Many of the screaming fans at the Obama rallies will be quite happy with anything that hurts those darned corporations, which are somehow blamed for keeping the American economy in its current sluggish state. Obama was back to bashing those evil corporate jet owners in Wednesday’s debate, a habit that annoys even his most ardent supporters here in Wichita, “The Air Capital of the World,” where evil corporate jet owners are the lifeblood of the local economy, and anti-business rhetoric continues to be a staple of the campaign.

The real reason that corporations aren’t hiring in America, apparently, is because they just aren’t taxed, regulated, and demonized sufficiently here. Everyone knows that.

— Bud Norman

Corporate Jets and the Common Man

The big story here in Wichita, Kansas, is the expected bankruptcy filing of the Hawker Beechcraft Company. It would be hard to overstate the devastating effect that such a move would have on the “Air Capital of the World,” where the venerable airplane manufacturer has been a mainstay of the local economy and a source of civic pride ever since the legendary aviation pioneer Walter Beech started his world-famous company here back in 1932.

Various reasons have been offered for the company’s financial difficulties, but the ones most often mentioned are the sluggish state of the economy and stiff competition from the rest of the corporate aviation industry, including such local firms as Bombardier Learjet and Cessna. Many Wichitans can’t help thinking, though, that it didn’t help one bit to have the President of the United States and many of his party’s congressional members demonize corporate jet owners and seek to make corporate jet ownership prohibitively expensive.

The rhetorical assault on corporate jets began in the early days of the Obama administration, when Chrysler and General Motors executives were widely criticized by some of the news media and several Democratic congressmen for flying in corporate jets from Detroit to Washington, D.C., to plead for a bail-out. The critics were all in favor of the bail-outs, of course, but apparently felt that the plan would be less offensive to an outraged public if the executives had been forced to endure a Greyhound bus trip in order to gain the money.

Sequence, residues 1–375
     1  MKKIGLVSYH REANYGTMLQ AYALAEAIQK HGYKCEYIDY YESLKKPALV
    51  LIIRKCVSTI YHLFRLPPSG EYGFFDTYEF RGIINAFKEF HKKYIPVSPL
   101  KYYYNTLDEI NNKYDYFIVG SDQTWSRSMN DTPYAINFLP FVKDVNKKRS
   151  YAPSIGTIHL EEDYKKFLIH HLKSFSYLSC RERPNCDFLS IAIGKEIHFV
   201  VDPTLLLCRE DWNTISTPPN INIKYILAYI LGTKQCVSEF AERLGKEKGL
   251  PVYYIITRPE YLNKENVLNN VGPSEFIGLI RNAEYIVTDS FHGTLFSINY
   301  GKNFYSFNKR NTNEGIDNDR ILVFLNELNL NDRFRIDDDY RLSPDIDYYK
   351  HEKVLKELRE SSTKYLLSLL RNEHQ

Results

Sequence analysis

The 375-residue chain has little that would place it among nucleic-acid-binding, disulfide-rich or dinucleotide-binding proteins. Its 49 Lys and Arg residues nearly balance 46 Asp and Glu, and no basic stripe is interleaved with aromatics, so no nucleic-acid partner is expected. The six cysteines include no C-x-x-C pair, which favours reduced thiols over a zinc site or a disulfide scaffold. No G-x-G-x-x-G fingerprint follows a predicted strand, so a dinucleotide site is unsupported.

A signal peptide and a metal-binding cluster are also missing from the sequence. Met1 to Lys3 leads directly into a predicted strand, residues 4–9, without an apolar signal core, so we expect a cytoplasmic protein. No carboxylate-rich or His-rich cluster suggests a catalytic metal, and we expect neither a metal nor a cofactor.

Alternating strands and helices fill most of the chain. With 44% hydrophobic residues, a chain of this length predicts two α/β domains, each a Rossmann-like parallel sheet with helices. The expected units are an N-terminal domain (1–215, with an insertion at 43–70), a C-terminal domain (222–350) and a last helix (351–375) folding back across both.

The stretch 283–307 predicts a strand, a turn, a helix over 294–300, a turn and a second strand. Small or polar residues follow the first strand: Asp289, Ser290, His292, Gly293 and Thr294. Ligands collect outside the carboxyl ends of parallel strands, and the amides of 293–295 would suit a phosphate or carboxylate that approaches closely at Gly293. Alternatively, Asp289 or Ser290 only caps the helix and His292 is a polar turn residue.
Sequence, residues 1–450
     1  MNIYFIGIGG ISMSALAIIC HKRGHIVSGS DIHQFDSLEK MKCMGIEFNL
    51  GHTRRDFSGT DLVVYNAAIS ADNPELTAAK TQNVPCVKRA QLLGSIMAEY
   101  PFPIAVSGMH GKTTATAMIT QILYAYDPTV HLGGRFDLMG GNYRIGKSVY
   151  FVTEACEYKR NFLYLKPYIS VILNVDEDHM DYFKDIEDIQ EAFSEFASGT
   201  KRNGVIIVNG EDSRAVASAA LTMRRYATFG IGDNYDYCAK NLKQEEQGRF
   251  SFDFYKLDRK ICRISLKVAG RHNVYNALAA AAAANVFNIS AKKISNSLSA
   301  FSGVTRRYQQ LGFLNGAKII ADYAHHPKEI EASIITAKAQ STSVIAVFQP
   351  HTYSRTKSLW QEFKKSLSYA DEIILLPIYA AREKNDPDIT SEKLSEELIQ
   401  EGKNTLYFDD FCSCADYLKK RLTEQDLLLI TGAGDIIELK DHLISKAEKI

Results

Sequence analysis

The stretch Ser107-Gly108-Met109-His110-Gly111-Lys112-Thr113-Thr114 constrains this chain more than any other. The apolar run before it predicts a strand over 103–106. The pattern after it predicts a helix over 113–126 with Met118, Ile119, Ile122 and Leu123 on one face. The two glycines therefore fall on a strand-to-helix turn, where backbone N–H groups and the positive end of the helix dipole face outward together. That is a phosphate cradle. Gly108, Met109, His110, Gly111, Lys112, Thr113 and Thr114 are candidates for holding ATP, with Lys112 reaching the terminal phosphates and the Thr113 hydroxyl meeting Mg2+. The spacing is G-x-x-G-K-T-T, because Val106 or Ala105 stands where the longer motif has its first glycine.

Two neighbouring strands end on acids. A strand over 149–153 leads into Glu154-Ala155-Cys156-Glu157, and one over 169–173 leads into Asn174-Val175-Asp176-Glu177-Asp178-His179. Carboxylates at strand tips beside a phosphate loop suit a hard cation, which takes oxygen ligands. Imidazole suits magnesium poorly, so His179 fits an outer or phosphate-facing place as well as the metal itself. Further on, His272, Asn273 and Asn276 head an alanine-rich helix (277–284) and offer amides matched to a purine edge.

With corporate jet ownership thus established as the epitome of wretched corporate excess, Obama proposed eliminating several tax laws that made corporate aviation more affordable and began to feature corporate jet owners prominently in his speeches. He even went to far as to suggest that corporate jet ownership would cause students to lose college scholarships, dangerous storms to go unreported, and tainted food to poison helpless consumers.

It was all nonsense, of course, as the proposed changes in the tax code would have raised only $3 billion or so over 10 years, a mere pittance compared to the $7.2 trillion in deficits that Obama proposed to rack up over the same time span. That’s not counting the tax revenues that would have been lost if the corporate aviation industry were to go bankrupt, or the cost of unemployment compensation and welfare payments to the industry’s former workers.

Hawker Beechcraft might well survive after a Chapter 11 reorganization, but the process would be a humbling blow to Wichita nonetheless. People motivated more by envy than reason in other communities would possibly derive some satisfaction in the knowledge that those corporate jet-flying fat cats had suffered, but they should stop to consider the blue collar types whose welfare would also be adversely affected. They should also look around their own towns and cities to consider how much of their own local economies are dependent on the business of people who are flying in to make a deal.

— Bud Norman